Gazelli Art House presents Decorative Sacredness, the first solo show of Fyodor Pavlov-Andreevich that will explore his performance based practice over the past ten years. Marking his return to London after a decade, the exhibition comprises photographic and video installations as well as a series of new sculptural works. Decorative Sacredness reveals the artist’s critical examination of modern slavery and is a timely artistic intervention amidst the ongoing discussions on the unknown scale of the criminal practice in the UK and internationally.
Bringing together two distinct strands of the artist’s work, Decorative Sacredness takes its title cue from the new series Small Heroic Sculptures, where five sculptural pieces aim to capture and condense the essence of one performance piece each into a physical object. The seemingly oxymoronic nature of this project – translating time-based forms of expression into intransigent physical works – raises important questions about the interaction between the artist’s work and the viewer. Presenting themselves with beguiling decorativeness on the surface, upon closer scrutiny the intricately sculpted works draw the spectator into a game of discovery, using the profane as a prop to lure the eye from the surface towards the sacred.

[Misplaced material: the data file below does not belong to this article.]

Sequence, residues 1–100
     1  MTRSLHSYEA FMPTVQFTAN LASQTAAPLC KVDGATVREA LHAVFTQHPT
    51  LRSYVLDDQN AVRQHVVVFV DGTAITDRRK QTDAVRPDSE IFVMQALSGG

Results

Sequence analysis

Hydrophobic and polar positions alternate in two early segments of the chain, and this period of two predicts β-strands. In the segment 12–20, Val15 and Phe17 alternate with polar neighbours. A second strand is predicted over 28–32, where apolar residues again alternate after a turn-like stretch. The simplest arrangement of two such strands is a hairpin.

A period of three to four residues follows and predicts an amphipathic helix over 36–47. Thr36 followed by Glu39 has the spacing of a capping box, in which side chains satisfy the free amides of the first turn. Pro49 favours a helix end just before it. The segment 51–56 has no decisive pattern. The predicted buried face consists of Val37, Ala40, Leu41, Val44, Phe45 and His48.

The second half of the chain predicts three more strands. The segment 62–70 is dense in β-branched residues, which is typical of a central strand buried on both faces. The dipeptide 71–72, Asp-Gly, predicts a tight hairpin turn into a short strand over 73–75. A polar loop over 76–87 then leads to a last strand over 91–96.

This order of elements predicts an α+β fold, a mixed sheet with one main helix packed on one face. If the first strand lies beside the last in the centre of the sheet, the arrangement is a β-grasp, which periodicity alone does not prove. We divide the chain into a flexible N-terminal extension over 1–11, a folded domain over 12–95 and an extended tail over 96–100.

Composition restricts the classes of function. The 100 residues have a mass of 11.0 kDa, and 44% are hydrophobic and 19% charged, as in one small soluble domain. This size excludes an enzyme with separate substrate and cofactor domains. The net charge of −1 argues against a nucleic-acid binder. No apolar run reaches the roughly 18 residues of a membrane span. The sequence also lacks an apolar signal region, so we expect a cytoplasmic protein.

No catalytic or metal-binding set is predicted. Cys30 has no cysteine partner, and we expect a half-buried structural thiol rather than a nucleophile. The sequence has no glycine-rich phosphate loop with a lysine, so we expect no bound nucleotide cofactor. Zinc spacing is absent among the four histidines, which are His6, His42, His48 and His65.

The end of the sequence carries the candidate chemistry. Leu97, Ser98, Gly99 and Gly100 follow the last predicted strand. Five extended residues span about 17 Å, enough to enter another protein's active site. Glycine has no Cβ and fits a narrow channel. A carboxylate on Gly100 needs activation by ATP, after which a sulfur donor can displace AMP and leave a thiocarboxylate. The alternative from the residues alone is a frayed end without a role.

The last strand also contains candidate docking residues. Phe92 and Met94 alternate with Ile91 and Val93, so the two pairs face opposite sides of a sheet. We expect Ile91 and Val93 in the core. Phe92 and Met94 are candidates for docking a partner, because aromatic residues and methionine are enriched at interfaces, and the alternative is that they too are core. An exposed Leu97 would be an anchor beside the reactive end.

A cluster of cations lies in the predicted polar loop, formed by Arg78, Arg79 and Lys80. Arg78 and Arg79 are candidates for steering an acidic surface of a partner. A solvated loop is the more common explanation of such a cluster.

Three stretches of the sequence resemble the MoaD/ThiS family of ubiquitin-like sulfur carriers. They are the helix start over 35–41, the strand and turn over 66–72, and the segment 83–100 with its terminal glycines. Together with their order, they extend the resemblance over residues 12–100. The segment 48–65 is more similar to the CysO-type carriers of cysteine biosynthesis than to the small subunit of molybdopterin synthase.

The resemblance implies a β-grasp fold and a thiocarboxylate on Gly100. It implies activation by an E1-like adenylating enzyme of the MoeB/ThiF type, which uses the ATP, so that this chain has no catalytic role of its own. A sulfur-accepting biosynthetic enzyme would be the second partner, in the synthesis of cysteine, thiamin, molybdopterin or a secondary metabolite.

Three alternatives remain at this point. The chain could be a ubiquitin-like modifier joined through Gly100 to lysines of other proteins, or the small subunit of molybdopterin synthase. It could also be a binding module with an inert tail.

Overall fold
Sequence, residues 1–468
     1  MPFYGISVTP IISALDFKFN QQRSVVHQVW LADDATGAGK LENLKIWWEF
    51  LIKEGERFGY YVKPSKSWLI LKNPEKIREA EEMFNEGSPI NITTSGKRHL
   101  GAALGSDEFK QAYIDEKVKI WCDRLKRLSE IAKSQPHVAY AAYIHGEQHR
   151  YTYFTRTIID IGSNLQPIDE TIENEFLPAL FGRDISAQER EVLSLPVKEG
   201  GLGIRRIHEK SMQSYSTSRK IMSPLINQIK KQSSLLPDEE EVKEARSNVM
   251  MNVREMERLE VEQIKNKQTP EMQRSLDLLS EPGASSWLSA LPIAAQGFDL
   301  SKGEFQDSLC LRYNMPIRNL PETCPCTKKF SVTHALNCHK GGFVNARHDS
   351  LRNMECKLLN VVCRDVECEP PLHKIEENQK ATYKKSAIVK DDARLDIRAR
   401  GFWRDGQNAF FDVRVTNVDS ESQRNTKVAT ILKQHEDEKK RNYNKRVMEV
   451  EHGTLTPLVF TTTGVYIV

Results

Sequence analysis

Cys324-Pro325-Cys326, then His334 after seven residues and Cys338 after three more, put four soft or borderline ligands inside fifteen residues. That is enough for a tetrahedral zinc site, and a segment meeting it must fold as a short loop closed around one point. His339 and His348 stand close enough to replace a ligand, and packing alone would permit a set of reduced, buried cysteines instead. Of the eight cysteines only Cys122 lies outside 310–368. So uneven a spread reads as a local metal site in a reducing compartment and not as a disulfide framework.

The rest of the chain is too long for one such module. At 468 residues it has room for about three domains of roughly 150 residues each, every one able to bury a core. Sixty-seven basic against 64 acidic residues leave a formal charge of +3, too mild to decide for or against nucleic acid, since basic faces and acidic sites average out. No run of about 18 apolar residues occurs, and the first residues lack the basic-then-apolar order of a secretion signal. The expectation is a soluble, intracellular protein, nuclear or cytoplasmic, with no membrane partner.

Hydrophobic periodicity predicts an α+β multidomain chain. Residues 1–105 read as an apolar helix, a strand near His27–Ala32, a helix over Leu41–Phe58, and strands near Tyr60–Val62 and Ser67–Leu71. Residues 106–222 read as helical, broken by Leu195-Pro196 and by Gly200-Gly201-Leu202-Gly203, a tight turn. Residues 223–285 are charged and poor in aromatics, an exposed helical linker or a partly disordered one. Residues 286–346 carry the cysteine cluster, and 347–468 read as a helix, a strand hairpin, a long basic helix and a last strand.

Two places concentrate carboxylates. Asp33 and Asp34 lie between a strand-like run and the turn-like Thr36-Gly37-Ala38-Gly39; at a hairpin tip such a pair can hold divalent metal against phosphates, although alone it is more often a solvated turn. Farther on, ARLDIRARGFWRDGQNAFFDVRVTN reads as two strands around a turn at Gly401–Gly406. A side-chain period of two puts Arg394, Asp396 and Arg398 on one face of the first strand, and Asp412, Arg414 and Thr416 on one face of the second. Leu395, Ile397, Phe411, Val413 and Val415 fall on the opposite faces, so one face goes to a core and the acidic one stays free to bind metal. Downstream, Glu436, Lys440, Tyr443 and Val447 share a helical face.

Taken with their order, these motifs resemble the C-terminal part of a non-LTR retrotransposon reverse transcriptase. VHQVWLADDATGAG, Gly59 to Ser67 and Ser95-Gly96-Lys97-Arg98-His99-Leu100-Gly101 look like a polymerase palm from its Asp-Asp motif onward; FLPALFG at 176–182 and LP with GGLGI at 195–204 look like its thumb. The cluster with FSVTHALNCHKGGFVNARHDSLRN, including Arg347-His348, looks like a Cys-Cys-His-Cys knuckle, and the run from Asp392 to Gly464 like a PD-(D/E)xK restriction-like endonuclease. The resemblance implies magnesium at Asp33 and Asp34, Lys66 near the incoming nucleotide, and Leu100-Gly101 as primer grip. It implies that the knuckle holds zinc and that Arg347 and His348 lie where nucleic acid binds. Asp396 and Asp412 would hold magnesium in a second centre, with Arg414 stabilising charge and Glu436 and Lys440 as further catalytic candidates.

Organised around the allegorical number of seven, Pavlov-Andreevich’s series of video works Temporary Monuments correspond to seven episodes of suffering of Brazilian slaves, both alluding to the historical past and those recorded in more recent times. Each of the episodes recorded by the artist is an iteration of the eternal attempt to break the chains of slavery, – or at least to raise critical awareness by acknowledging it out loud. Connecting with the practice of American artist Paul Thek, Temporary Monuments will be installed as frames inside plywood boxes along the walls, mounted above small chairs to kneel on, and only accessible by entering the head through an opening in the viewing box. This mode of presentation requires the viewer to take an interactive stance and to engage on a more personal level by opening up to an intimate and up-close encounter with the minute screens.
The exhibition concludes with large-scale, limited edition photographic installations that share the common themes introduced by the seven Temporary Monuments.
‘We are incredibly excited to show Fyodor’s comprehensive body of work produced over the past decade and to introduce his latest series, the Small Heroes Sculptures,’ said the Founder and CEO of Gazelli Art House, Mila Askarova.